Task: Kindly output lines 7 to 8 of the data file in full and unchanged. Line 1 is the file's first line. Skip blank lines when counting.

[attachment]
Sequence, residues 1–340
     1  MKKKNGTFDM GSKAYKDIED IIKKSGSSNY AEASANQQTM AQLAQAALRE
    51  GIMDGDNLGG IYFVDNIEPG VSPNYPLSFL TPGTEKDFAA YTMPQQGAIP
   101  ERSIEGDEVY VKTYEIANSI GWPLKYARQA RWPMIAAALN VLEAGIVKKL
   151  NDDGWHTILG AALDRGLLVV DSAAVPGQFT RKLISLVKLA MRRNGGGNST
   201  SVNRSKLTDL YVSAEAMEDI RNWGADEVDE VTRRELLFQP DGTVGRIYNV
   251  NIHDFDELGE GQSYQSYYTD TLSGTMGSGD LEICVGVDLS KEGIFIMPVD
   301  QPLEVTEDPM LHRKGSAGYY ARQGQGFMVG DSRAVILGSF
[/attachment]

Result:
   251  NIHDFDELGE GQSYQSYYTD TLSGTMGSGD LEICVGVDLS KEGIFIMPVD
   301  QPLEVTEDPM LHRKGSAGYY ARQGQGFMVG DSRAVILGSF